If Yolande Yorke-Edgell had appeared slightly uncertain as one of the dancers in the Lingua Francaquartet, her solo performance in Cohan’s Canciones del Alma (1978) helped make it the strongest work of the evening. Dressed in a long, full skirt like those Martha Graham used to wear, the dancer turned negative space positive by encircling it with her arms, or by taking quick, short, sideways steps through it. In the third section of the piece, the movement becomes more sweeping. The dancer extends both legs to slide herself to the floor. In her backward run on the diagonal from the front of the stage, with arms stretching out to the place just left, she resembles Isadora Duncan as described by Frederick Ashton and Edwin Denby. Yolande Yorke-Edgell  made this dance her own and I was very taken by her perforance on this evening.

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Geoffrey Burgon 1995 – Waiting

In 1995 Geoffrey wrote these nine easy piano pieces Waiting while he was waiting for his wife to get ready.  A special space in time known to many men.  The kitchen had an old upright piano and it was here that he used his time wisely to create these playful works. The drawing of him on the book cover was done while he was in Paleochora, Crete also in 1995,  where he slept while he waited!  If you click the Waiting cover you will be able to get the book and have a look!

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BBC Radio 3 – December 23rd, 2014 – Geoffrey Burgon’s Nunc Dimittis as a favourite!

Delighted to hear on Radio 3 this morning that listeners had voted Geoffrey’s “Nunc Dimittis” as one of the best 365 works ever written by a British Composer. The announcer also spoke about Geoffrey’s charm, sense of humour and ability as a jazz trumpeter. Thank you Radio 3 for all your wonderful support to the world of music, of which the great composers like Geoffrey can be heard. Wishing all of you and Geoffrey’s fans a Merry Christmas and a healthy, happy 2015!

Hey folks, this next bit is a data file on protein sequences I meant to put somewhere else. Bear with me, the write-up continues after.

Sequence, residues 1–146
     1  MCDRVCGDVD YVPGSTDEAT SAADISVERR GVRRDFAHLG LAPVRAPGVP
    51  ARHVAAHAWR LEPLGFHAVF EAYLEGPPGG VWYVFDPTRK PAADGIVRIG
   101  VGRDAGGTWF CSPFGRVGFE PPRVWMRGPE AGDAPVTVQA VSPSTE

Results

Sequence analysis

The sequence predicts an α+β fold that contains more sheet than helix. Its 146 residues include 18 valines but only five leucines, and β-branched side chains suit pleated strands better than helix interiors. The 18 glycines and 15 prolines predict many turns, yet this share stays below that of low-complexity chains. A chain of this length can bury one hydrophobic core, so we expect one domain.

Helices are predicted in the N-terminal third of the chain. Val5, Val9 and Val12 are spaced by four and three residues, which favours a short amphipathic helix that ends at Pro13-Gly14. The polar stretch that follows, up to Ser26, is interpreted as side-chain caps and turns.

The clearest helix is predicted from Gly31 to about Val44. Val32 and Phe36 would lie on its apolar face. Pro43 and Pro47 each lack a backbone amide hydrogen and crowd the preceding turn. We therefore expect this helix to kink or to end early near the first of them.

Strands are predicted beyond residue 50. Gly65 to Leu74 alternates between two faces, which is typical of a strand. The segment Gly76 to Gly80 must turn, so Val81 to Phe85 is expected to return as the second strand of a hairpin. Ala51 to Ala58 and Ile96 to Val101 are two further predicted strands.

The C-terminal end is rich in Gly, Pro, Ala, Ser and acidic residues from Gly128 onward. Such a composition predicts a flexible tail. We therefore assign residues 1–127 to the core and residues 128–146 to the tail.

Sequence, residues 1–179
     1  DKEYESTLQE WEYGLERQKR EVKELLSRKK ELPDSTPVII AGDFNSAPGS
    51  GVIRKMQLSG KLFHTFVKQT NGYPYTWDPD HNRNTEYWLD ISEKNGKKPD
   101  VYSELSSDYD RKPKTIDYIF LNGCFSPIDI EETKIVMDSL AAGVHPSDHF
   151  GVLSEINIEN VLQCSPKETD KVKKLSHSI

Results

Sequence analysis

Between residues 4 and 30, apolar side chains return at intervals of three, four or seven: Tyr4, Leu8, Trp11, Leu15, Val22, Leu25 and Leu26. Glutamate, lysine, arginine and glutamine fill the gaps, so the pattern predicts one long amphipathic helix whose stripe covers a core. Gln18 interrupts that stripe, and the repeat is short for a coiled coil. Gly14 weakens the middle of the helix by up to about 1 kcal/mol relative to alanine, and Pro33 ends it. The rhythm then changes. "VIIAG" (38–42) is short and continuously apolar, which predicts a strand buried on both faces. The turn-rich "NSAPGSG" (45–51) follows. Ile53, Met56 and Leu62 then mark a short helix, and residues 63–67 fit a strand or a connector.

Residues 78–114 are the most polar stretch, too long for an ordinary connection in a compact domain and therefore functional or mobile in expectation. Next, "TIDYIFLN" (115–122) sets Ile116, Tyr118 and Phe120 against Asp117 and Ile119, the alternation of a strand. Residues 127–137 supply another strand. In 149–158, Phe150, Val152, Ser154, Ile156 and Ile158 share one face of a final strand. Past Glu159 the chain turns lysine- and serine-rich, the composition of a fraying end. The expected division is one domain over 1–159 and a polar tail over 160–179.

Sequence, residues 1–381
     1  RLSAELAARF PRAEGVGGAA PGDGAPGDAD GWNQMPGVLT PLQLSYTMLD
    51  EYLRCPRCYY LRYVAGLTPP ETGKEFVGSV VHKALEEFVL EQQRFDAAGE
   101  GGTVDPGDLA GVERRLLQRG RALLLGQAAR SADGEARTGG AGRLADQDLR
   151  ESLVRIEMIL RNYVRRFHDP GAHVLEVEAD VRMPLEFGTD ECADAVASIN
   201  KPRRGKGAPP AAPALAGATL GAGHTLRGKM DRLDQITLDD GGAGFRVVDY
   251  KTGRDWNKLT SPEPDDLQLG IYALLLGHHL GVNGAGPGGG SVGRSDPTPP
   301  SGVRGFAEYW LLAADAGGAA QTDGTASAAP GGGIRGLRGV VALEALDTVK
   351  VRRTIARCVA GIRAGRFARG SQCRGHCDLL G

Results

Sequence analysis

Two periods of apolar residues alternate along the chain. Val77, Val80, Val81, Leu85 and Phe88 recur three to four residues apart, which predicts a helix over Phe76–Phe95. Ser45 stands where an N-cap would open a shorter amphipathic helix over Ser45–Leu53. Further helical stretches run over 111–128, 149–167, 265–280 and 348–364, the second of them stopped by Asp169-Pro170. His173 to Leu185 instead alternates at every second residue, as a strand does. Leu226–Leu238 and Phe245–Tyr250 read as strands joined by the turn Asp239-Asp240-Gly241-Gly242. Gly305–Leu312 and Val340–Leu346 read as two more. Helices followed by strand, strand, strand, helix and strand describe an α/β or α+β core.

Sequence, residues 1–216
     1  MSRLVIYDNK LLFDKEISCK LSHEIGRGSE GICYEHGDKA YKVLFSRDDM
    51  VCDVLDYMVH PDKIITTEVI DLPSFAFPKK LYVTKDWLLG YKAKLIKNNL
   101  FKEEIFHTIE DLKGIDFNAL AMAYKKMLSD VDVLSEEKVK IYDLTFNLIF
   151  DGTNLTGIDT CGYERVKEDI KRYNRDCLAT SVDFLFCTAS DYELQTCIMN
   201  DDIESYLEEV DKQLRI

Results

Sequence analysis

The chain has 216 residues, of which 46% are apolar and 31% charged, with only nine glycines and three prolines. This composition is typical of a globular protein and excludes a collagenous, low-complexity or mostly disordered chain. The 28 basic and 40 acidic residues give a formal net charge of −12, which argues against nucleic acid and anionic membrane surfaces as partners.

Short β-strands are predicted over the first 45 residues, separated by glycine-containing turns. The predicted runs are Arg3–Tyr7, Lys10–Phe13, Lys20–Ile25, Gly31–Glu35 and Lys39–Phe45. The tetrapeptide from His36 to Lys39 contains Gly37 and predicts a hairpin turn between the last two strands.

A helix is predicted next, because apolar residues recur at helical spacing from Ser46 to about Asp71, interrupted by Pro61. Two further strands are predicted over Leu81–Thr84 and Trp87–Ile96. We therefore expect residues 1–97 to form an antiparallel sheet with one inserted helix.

BBC Music – Geoffrey Burgon

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The Composers of DOCTOR WHO – Geoffrey Burgon

The Composers of DOCTOR WHO – Geoffrey Burgon

Christopher Morley continues his look back at the many composers who have produced music for Doctor Who. This week it’s Geoffrey Burgon…

Geoffrey Burgon contributed only two scores to Doctor Who- 1975′s Terror Of The Zygons & the following year’s The Seeds Of Doom- but the sheer scope of his musical career deserves examination! Born in Hambledon on July 15, 1941, his first attempt to tease out a tune came when he taught himself to play the trumpet at the age of 15 in order to join Pewley Grammar School’s jazz band at the urging of Nigel Jones, their clarinettist & elder brother to Terry Jones- later of Monty Python fame! From there he went on to the Guildhall School of Music & Drama intending to forge a career as a trumpeter, before switching to composition after taking the advice of his mentor- the composer Peter Wishart, who was then a teacher at the School.

Following his graduation he supported himself with odd jobs as a freelance trumpet player before selling all but one of his musical instruments & devoting himself solely to the business of composing. His Requiem…